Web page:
At what temperature does oxygen solidify?

At room temperature, oxygen is a colorless and odorless gas that is heavier than air. Oxygen belongs to the chalcogen family and forms diatomic molecules O2. The ability to form molecules between atoms of the same type also occurs in the other chalcogens. At −182.97 ° C, oxygen condenses into a light blue liquid.


Liquid oxygen
 

 
Gaseous oxygen is passed through a cold trap cooled with liquid nitrogen. After a while, liquid oxygen is formed, which can be recognized by its light blue color. If you drink a cigarette with it, you get a small cutting torch after lighting it.

 
Oxygen is slightly soluble in water and in ethanol. The water solubility decreases with increasing temperature. This explains why fish can suffocate if the water temperature rises even slightly. The highest oxygen solubility with just over 14 milligrams per liter has pure water at the freezing point. The maximum solubility also depends on the dissolved salts in the water: In seawater, only about 8 milligrams per liter of oxygen are soluble at 0 ° C. If the water is saturated with air, only 10.3 milligrams per liter dissolve in fresh water at 0 ° C.
 
 
Oxygen solubility in pure water
 

 
The maximum solubility depends on the water temperature.
   

In contrast to nitrogen, oxygen is very reactive and intensifies burns. It burns most of the elements such as iron or sulfur under the appearance of fire and light to form their oxides. A very violent reaction occurs with the element cerium. This creates temperatures of up to 4000 ° C.
  
3 Fe + 2 O2  Fe3O4    ΔHR. = −1118 kJ / mol 
S + O2  SO2               ΔHR. = −297 kJ / mol 
Ce + O2  CeO2          ΔHR. = −975 kJ / mol    
  
 
Cerium iron reacts with pure oxygen
 

 
If you hold a glowing flint in pure oxygen, a very violent reaction ensues.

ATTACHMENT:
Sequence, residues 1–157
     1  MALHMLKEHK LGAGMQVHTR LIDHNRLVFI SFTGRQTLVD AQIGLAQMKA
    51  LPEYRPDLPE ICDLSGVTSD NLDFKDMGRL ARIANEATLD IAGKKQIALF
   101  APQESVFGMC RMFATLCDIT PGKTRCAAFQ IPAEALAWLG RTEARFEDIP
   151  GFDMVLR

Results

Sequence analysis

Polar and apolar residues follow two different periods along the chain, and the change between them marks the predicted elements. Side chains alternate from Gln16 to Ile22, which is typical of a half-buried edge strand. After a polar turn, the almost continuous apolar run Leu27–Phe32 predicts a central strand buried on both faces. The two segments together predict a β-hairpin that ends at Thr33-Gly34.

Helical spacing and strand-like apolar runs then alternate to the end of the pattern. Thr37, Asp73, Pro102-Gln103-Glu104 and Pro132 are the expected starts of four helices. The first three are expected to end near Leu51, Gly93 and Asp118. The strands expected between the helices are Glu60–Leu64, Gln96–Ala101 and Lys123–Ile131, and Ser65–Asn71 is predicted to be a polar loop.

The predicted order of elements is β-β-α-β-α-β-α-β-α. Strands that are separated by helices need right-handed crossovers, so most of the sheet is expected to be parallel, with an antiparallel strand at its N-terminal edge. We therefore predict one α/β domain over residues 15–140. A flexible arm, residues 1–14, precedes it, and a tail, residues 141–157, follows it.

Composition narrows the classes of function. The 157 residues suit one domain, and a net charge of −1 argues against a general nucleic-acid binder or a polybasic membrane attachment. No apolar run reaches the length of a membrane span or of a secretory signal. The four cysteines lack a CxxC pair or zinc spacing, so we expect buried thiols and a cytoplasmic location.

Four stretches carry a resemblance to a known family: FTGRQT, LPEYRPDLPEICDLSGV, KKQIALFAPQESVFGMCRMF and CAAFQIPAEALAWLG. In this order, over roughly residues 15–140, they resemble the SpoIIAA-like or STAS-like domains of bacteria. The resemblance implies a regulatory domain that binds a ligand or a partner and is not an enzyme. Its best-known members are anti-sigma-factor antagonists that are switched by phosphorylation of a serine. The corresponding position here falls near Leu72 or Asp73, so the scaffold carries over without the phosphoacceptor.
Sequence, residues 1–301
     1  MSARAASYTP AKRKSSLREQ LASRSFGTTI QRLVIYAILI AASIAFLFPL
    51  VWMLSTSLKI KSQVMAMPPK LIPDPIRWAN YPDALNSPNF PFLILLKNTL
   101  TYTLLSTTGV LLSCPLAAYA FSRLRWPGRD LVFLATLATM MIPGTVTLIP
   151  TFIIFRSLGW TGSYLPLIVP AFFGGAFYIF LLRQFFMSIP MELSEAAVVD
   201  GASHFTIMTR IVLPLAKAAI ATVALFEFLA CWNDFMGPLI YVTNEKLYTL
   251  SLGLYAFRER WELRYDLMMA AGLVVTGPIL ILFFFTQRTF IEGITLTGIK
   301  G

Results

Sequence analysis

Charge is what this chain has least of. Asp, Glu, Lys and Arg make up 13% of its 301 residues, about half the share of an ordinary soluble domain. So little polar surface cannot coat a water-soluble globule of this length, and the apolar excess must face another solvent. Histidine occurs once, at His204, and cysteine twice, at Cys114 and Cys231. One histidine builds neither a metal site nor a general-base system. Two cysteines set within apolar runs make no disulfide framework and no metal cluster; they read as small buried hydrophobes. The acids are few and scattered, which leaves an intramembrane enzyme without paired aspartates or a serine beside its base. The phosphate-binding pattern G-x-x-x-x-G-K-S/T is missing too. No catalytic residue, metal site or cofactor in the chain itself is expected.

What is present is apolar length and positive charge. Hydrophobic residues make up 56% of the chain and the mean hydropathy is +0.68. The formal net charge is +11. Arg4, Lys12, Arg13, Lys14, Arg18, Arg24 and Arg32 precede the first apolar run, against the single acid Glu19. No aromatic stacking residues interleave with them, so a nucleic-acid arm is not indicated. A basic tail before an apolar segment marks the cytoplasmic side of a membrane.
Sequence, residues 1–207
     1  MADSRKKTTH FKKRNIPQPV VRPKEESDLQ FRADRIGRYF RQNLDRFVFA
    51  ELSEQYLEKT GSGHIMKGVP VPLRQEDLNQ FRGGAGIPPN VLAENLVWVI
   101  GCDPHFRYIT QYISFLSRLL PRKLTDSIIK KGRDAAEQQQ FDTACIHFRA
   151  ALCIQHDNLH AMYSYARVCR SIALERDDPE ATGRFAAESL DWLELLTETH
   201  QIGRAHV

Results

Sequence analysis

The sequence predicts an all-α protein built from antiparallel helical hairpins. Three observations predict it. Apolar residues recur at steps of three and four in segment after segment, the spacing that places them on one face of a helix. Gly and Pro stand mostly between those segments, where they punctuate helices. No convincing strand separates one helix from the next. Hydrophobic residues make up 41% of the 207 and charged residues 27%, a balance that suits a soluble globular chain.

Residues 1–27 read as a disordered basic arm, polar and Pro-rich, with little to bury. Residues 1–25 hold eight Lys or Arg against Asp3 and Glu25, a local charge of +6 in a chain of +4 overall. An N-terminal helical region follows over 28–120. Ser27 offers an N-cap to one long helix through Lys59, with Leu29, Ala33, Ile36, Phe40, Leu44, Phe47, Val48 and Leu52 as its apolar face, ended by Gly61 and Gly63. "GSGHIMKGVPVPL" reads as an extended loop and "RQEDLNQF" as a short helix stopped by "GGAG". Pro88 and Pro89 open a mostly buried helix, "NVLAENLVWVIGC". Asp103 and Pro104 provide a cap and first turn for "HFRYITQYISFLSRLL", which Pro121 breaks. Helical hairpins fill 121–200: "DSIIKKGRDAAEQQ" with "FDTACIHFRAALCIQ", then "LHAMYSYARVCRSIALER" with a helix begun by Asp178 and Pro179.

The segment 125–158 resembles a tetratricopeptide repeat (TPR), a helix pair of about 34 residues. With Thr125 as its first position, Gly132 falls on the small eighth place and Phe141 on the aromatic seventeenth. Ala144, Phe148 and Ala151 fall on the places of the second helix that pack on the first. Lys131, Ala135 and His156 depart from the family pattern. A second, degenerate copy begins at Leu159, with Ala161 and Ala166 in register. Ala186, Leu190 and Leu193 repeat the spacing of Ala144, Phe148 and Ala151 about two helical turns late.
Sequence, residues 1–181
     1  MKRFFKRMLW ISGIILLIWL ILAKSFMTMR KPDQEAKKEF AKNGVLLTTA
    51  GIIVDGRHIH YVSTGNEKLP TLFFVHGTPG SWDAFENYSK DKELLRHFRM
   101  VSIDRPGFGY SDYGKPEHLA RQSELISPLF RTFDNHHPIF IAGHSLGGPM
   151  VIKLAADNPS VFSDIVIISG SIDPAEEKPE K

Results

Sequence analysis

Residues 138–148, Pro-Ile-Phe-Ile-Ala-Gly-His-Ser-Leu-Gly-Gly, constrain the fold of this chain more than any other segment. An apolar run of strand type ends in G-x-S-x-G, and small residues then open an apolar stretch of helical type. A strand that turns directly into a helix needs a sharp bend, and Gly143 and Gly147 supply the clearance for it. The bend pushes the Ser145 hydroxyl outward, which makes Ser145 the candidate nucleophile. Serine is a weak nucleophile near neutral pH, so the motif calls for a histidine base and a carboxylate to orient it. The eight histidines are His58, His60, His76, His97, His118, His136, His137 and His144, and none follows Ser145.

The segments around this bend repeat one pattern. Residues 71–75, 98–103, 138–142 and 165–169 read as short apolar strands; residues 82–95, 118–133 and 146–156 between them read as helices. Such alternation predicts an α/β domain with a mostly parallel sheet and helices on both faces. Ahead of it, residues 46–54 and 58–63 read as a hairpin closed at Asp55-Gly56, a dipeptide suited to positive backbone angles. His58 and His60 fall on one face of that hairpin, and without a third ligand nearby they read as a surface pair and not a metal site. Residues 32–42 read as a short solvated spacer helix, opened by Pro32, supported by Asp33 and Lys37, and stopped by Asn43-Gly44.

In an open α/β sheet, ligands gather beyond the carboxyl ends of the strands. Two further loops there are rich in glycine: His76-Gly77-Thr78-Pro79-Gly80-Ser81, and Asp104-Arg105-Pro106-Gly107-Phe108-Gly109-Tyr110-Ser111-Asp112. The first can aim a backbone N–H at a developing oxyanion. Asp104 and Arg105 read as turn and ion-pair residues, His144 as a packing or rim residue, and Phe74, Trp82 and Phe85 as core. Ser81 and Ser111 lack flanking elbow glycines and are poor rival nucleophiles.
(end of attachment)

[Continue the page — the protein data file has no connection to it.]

An extremely high, chemically attainable temperature of over 4660 ° C is obtained when burning zirconium powder or zirconium wool in pure oxygen:

Zr + O2  ZrO2     ΔHR. = −1101 kJ / mol 
  
Such reactions are called oxidations. Oxidations include burns, but also the rusting process or breathing. The higher the oxygen concentration, the more violent the reaction. It usually needs activation energy to ignite. A loud bang occurs after the ignition of a hydrogen-oxygen mixture in a ratio of 2 to 1. This oxyhydrogen reaction produces water vapor as a reaction product.
  
Oxygen atoms occur in numerous chemical compounds, for example in inorganic mineral acids such as phosphoric acid, nitric acid or sulfuric acid and their respective salts, in alkalis, in alcohols such as methanol or ethanol, in aldehydes such as formaldehyde, in ketones such as acetone and organic acids such as methanoic acid or ethanoic acid.
 
In the laboratory, gaseous oxygen is detected with the Glimmspan sample. To do this, you light a piece of wood, let it glow for a while and then blow out the flame again. If you hold the glowing chip in a container with pure oxygen, the chip ignites again. When a piece of glowing charcoal is dipped into a standing cylinder filled with oxygen, the charcoal will also start to burn. Blowing with a bellows on a fire adds more oxygen from the air, thereby increasing the fire.


Glimmspan and iron wool in pure oxygen
  

 
A smoldering wood chip flares up in pure oxygen. The iron wool burns under spark spray.


When chlorine is passed through an alkaline hydrogen peroxide solution in a gas washing bottle with a frit, a hypochlorite ion is formed. This reacts with the hydrogen peroxide to form a chloroperoxide ion, which splits off the chloride Singlet oxygen forms. This represents an energetically stimulated form of oxygen. When it is converted into normal triplet oxygen, energy is released that we perceive as red light. In the case of singlet oxygen, the spin of the electrons is aligned antiparallel.


Singlet oxygen
Chlorine is passed through a frit into a strongly cooled, alkaline hydrogen peroxide solution.
A red glow can be seen in the dark.